Reforming Citizen Arrest Laws
DALTON, Ga. (WDEF)- Georgia Governor Brian Kemp wants to eliminate what he calls a “vigilante style of violence” one week before the anniversary of Ahmaud Arbery’s death.
“The horrific killing of Ahmaud Arbery shook a Georgia community” said Gov. Kemp.
Lawyers attempted to justify the actions of the suspects involved in Arbery’s death, Travis and Gregory McMichael, by claiming they were under the protection of Georgia’s citizen arrest law.
“That is why today my administration is introducing significant reform to our state’s citizens arrest statue” said Gov. Kemp.
With bipartisan support, the reform now making its way through Georgia’s House will restrict civilians from detaining individuals in almost all cases.
“Law enforcement police officers are trained to recognize if crimes are taking place” said Georgia attorney for Cook and Connelly, Charlie Bailey. “They’re trained on things like reasonable suspicion and probable cause. There’s a lot of really well intention citizens that are just not trained on those things.”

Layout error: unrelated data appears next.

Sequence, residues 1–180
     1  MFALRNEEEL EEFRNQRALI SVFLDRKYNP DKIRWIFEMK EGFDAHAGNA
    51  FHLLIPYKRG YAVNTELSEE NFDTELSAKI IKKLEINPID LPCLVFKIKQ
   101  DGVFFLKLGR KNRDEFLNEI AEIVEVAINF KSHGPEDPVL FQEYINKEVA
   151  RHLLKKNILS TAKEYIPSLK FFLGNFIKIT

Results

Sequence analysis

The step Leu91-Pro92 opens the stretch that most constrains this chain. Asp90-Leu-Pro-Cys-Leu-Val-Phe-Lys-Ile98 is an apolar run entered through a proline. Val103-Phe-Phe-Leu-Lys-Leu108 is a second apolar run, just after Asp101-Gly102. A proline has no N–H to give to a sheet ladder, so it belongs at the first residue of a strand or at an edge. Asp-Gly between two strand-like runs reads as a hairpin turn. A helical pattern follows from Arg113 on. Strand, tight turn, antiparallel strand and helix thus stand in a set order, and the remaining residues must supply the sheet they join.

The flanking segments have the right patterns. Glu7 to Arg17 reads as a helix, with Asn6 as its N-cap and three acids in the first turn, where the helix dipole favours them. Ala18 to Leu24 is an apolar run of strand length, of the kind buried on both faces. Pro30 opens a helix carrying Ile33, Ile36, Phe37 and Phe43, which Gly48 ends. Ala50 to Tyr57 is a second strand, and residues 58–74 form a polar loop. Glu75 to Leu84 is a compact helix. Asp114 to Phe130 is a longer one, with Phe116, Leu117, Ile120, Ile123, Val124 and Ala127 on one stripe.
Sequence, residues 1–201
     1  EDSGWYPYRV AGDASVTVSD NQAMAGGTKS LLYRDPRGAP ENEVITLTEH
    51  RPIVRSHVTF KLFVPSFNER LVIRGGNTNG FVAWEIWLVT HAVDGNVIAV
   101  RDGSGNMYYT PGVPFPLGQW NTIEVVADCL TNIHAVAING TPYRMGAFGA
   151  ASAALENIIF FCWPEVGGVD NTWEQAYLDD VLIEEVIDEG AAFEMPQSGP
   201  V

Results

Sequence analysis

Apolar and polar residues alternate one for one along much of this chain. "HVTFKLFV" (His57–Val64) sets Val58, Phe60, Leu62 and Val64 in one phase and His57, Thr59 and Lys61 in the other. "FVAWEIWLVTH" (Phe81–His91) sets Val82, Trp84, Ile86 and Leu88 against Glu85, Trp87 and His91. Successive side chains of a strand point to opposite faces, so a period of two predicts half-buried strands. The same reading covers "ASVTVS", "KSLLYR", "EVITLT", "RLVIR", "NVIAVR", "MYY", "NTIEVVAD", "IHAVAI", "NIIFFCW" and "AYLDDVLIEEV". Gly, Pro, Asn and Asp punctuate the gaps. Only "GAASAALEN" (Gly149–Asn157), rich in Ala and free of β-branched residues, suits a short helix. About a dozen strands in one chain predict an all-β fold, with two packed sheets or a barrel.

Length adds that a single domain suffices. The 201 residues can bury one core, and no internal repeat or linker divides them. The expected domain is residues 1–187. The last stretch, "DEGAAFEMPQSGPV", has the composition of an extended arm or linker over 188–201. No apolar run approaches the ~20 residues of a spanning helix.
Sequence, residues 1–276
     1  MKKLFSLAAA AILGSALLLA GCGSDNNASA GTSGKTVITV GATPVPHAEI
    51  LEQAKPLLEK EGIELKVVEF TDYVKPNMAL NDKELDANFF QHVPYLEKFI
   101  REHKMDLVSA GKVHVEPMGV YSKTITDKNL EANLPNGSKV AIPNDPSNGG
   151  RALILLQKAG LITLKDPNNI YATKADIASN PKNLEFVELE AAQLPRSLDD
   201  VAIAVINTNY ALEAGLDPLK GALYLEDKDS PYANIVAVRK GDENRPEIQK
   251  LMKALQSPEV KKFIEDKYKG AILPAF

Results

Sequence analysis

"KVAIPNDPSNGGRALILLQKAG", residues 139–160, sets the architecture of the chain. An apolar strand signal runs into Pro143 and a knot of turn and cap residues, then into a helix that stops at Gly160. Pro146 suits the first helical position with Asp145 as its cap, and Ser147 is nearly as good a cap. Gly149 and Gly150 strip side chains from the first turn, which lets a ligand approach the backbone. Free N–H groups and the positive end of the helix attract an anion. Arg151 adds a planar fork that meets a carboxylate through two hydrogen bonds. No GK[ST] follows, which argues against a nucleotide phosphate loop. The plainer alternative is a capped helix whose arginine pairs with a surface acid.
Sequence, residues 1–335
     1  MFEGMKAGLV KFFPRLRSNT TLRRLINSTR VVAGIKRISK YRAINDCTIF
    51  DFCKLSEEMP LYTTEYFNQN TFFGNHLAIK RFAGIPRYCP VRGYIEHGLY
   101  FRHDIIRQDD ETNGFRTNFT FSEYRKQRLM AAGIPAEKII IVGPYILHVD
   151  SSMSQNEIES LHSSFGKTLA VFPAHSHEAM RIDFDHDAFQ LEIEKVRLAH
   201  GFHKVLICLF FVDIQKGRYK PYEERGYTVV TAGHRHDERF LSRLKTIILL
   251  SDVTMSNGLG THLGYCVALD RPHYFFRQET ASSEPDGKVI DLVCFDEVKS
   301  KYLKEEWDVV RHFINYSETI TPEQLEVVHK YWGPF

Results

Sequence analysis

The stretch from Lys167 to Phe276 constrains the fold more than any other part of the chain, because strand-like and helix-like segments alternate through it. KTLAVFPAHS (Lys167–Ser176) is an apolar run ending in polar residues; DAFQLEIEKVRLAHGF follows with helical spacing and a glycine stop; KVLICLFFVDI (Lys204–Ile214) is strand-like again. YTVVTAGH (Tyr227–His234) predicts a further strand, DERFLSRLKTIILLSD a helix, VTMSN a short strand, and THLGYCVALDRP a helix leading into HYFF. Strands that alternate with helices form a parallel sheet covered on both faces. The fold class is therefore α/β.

News 12 asked folks in Georgia if they believe it’s their right to make a citizens arrest if they witness a crime in their community.
“If something really bad is going on, yeah we need to jump in and stop it but we don’t need to be shooting anybody or killing anybody” said one man.
Dalton’s Mayor David Pennington believes arrests should be made by law enforcement only.
“Dalton has like 95 certified police officers and it’s much safer to call 9-1-1” said Mayor Pennington. “They’ll respond within three or four minutes.”
But some citizens refuse to stand by and watch certain crimes take place.
“If I see a child being abducted I’m just not going to stand there back and just let that happen” said one woman.
The reform bill also includes protections for Georgia police officers operating outside of their jurisdiction.